Episode 7: Snelling
We join our hero, Rusty Beall of Team Health Net, sneezing after a good show at Snelling. Rusty confirms Trent’s (Klasna) hamstring is better after he experienced some back problems earlier. Will Rus be ready for next week’s Pomona stage race? What awaits in this week’s Gutter?
Here I am confined to the inside of the house, looking out the window at the blue sky, cringing every time I have to swallow, and listening to my nose whistle with each breath. I guess it is bound to happen sometime during the season and now is better than at Redlands or Sea Otter or Philly, but I am sick and I feel like shit. My roommate left long ago on what would have been a fun (and turned out to be an epic ride) with our usual Wednesday group in Auburn, and I’m stuck in the kitchen drinking Echinacea tea, chewing on powdered vitamin C tablets, sucking on zinc, and watching episode 405 of Seinfeld, —the one where Elaine sends out a Christmas card with her breast exposed— trying in vain to fall asleep.
Thankfully this last weekend was a different story; I felt fine and wasn’t making what my roommate has coined “old man noises” every time I move. On Saturday we headed out to Snelling for a race that I usually associate with rain and wind so strong that person-thick trees cracking and falling along the road are commonplace. This year was a different story, the sun was out and the wind was there, but not as destructive as it could have been. Snelling takes place on an 11-mile loop through rolling green hills among almond trees white with blooms, and made difficult by the infamous crosswinds. It starts hard and aggressively from the gun and is a road race that you have to ride like a crit.
This year was no exception and attacks went right from the start, but it wasn’t until about halfway though the second lap that the first major breakaway went. Chris Horner of Saturn (fresh off the boat from ten days of racing in Malaysia) attacked and was covered by Mike Sayers of Health Net. These guys would end up staying off the front for the next fifty-miles and would have a gap of just over four minutes at one point, but Alto Velo and Sierra Nevada would end up bringing them back. With one lap to go Eric Wohlberg, also of Saturn, attacked and dropped every one of his breakaway companions. It was in this last lap that it became painfully evident to me why he is one of the most well respected guys racing domestically as we rotated four guys on the front trying to bring him back. When we finally caught Eric, Trent Klasna of Saturn attacked and took Chris McGovern of Health Net and Nate Faulkner with him. These three would take it all the way to the line, with Trent taking the win, Nate getting second, and McGovern third. It was good for Trent; I know he has had some problems with his leg, so it was nice to see him win.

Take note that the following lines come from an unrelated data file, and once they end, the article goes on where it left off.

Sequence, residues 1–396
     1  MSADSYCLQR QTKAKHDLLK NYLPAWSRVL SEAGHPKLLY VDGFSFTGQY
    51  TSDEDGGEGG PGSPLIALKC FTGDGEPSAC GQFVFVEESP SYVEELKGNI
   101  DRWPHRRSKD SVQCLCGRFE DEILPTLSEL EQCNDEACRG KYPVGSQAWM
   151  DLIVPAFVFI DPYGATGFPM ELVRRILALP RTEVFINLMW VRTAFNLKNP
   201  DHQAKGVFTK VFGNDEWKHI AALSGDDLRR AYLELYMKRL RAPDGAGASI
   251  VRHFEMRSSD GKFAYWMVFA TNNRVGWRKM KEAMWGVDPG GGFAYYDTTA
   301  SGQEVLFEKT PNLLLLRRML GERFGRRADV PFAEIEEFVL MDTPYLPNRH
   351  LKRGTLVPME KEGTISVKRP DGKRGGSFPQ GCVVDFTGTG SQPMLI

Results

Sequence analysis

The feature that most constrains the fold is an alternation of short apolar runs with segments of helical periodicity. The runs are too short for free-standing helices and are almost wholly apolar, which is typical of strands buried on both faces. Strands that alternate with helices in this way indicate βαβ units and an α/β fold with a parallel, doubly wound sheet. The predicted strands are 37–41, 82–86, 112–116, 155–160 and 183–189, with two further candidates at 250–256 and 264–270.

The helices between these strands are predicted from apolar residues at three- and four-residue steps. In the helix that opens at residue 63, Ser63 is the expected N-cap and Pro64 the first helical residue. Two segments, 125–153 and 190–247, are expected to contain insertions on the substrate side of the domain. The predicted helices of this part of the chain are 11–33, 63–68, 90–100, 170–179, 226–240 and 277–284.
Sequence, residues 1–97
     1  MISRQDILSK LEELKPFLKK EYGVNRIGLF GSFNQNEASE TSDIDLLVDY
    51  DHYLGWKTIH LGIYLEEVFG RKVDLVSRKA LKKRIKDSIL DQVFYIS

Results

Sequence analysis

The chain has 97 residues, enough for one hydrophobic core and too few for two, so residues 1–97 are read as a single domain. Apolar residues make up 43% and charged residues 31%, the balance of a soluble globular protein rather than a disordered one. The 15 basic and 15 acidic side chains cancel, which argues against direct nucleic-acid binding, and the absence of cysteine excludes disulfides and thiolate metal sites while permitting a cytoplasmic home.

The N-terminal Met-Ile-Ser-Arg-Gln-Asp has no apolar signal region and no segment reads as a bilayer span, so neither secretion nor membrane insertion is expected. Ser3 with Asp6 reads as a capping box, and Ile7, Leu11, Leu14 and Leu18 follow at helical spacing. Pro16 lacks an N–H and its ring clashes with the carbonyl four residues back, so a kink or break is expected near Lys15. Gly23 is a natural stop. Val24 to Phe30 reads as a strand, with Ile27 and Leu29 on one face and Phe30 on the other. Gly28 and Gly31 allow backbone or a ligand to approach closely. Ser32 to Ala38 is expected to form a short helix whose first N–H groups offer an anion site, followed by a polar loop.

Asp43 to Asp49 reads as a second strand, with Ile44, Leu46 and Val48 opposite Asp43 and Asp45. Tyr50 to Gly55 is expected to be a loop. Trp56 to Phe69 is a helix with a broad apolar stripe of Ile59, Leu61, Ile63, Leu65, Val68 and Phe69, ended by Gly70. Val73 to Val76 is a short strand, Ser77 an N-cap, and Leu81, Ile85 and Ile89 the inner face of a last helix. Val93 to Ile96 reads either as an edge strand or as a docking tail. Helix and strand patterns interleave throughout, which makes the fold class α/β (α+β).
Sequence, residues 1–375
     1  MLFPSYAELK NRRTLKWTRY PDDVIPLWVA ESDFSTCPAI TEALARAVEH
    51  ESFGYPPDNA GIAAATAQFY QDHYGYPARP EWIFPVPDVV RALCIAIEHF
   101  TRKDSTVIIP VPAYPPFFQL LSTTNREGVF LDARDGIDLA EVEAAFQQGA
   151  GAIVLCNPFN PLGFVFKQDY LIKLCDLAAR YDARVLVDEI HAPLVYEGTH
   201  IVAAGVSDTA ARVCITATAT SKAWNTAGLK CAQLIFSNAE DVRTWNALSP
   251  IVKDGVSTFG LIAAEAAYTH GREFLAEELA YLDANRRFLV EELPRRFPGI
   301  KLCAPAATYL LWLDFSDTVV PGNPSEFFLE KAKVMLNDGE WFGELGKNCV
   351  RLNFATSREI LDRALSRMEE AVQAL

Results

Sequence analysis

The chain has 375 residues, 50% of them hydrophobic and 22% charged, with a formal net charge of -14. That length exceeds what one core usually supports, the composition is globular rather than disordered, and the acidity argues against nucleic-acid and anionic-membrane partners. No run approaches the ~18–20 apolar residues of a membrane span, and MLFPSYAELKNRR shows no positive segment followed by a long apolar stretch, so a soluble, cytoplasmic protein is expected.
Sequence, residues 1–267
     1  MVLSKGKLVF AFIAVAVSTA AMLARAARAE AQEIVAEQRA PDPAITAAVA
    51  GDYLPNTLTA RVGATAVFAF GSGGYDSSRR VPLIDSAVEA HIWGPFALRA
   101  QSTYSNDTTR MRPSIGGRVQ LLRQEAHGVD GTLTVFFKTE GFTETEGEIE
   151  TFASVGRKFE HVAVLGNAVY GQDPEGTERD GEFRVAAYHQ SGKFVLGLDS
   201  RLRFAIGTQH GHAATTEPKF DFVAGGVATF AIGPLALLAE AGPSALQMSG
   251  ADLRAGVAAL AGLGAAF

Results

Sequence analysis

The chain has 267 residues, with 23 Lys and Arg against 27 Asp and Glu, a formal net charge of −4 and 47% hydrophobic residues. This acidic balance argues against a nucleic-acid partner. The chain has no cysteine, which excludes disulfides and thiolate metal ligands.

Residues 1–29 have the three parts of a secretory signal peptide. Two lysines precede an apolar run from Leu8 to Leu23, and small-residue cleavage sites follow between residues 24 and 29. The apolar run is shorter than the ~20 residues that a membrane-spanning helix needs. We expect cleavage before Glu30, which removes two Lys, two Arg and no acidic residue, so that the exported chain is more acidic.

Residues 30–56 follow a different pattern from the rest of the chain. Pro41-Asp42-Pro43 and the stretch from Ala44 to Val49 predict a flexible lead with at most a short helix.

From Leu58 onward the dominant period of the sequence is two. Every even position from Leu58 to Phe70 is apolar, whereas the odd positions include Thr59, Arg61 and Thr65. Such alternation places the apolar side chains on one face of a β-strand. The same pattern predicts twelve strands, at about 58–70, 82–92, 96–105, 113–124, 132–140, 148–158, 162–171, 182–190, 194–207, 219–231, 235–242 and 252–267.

The next day in the Merced crit we got some more much needed leadout practice for our days to come with Gord. Early on, eleven guys got away (including two from Health Net, two from Saturn, and two from Sierra Nevada) and lapped the pack. Mike Sayers was our guy —since he was our best sprinter in the group— and we did our best to take him right to the line, with our Belarusian Alex Koslov dropping Mike off on the final straightaway for the sprint. But Sterling Magnell ended up besting both Mike and Eric Wohlberg to take the race with a final bike throw to the line.
We have this weekend off…and thankfully so; I plan on resting up for the races to come. A week from today we will do our first NRC event down at the Pomona Stage Race, in what will be our first real big test. I’ll be sure to let you all know how things are going, until then… wash your hands and don’t rub your eyes!
Health Net Cycling Team